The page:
Yes, The Soviets Had Their Own Communist Mickey Mouse - And Now It's A Multimillion-Dollar Empire

Although you may never have heard of Krtek, he's a legend in some parts of the world. Also known as "The Little Mole," Krtek (pronounced KURR-teck) could probably be considered the Czech Mickey Mouse and is an important cultural relic of the Soviet Bloc communist countries during the Cold War. Created by a Czech artist in 1954, Krtek's cuteness weirdly belies his communist origins, not unlike Disney's Mickey Mouse gas masks, but the fact that Krtek is still hugely popular may be a testament to the nostalgia of simpler times.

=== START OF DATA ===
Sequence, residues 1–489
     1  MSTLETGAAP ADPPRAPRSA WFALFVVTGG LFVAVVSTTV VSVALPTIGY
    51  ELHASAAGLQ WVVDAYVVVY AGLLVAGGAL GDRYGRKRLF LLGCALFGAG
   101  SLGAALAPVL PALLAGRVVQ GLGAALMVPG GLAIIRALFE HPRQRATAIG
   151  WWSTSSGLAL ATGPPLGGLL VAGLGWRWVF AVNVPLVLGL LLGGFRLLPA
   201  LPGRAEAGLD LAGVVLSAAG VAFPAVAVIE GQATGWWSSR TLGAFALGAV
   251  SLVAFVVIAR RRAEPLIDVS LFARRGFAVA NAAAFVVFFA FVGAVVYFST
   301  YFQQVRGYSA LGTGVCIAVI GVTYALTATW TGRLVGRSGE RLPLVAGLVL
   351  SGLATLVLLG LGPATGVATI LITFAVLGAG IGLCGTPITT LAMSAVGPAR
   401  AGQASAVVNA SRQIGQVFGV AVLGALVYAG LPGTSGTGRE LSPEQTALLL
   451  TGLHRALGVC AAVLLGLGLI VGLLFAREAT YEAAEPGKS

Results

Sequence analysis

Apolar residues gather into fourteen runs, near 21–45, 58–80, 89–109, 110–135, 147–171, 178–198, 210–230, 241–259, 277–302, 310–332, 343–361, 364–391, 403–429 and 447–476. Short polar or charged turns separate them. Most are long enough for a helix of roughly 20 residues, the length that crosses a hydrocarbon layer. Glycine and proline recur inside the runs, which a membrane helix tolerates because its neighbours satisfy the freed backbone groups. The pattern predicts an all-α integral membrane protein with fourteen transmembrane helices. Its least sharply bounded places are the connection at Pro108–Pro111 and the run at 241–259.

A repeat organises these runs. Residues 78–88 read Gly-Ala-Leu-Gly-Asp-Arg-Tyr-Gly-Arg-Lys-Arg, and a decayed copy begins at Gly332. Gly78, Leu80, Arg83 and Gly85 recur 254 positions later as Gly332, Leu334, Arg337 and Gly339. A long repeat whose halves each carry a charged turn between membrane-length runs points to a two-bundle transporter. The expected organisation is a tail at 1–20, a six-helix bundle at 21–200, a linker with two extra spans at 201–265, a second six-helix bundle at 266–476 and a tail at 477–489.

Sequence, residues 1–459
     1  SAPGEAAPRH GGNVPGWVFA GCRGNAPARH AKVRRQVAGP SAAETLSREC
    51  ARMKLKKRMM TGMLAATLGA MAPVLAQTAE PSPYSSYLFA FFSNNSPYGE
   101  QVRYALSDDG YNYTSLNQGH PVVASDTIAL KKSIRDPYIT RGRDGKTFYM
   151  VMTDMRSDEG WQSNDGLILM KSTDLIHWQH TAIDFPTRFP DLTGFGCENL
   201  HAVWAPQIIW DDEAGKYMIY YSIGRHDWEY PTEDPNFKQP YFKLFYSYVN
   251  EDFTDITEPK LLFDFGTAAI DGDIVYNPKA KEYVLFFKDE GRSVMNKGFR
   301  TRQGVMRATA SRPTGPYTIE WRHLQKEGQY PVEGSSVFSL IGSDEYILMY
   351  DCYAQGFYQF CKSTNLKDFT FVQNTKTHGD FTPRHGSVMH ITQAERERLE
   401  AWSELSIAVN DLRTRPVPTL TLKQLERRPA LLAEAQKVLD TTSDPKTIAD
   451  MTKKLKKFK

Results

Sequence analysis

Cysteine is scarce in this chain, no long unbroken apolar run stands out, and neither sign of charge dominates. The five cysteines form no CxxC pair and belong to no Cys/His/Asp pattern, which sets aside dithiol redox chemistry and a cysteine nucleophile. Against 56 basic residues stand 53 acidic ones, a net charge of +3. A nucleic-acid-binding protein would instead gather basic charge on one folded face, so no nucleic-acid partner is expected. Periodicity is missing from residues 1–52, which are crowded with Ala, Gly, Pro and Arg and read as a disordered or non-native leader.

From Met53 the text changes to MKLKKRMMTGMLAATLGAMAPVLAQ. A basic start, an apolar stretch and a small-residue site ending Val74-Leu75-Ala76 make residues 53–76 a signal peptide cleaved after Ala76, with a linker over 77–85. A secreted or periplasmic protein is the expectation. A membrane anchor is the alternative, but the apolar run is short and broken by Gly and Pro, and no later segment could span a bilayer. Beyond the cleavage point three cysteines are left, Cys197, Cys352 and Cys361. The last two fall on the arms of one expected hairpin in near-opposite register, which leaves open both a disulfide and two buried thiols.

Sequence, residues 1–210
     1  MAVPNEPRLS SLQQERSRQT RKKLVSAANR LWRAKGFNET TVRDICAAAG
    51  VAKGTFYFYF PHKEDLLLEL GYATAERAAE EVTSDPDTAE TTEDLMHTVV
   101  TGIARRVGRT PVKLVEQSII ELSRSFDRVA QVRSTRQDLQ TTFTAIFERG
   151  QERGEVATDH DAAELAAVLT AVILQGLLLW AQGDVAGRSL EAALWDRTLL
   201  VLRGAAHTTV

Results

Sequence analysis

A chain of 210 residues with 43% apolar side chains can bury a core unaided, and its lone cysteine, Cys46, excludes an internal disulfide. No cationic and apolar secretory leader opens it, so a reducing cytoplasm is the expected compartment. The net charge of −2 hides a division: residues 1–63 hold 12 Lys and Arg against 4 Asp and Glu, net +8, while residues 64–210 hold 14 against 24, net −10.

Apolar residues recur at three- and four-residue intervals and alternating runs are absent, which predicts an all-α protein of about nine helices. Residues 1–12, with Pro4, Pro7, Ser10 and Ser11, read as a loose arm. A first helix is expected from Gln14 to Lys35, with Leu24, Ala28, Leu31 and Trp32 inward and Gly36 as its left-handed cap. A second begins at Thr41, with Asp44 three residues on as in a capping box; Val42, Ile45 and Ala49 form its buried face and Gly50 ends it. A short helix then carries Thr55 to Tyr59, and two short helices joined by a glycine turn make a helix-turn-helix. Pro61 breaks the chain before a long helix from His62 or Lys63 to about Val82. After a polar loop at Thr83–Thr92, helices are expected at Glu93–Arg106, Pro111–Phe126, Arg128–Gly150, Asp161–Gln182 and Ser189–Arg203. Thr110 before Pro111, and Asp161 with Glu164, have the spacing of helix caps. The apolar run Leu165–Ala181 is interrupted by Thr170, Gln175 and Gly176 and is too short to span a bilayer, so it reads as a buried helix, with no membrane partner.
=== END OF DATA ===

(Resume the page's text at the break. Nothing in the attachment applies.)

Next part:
Communist countries in the 1950s - including the Soviet Union and the Eastern Bloc - banned Disney cartoons and other western influences, so communist animators created their own characters. But Krtek became one the most widely popular thanks to his innocence, kindness, and desire to help others, all traits that earned him the respect and love of worldwide audiences even after the Fall of Communism. Today, shops in the Czech Republic are filled with Krtek merchandise, and he continues to be one of the most beloved characters that many people in the United States never even knew existed.

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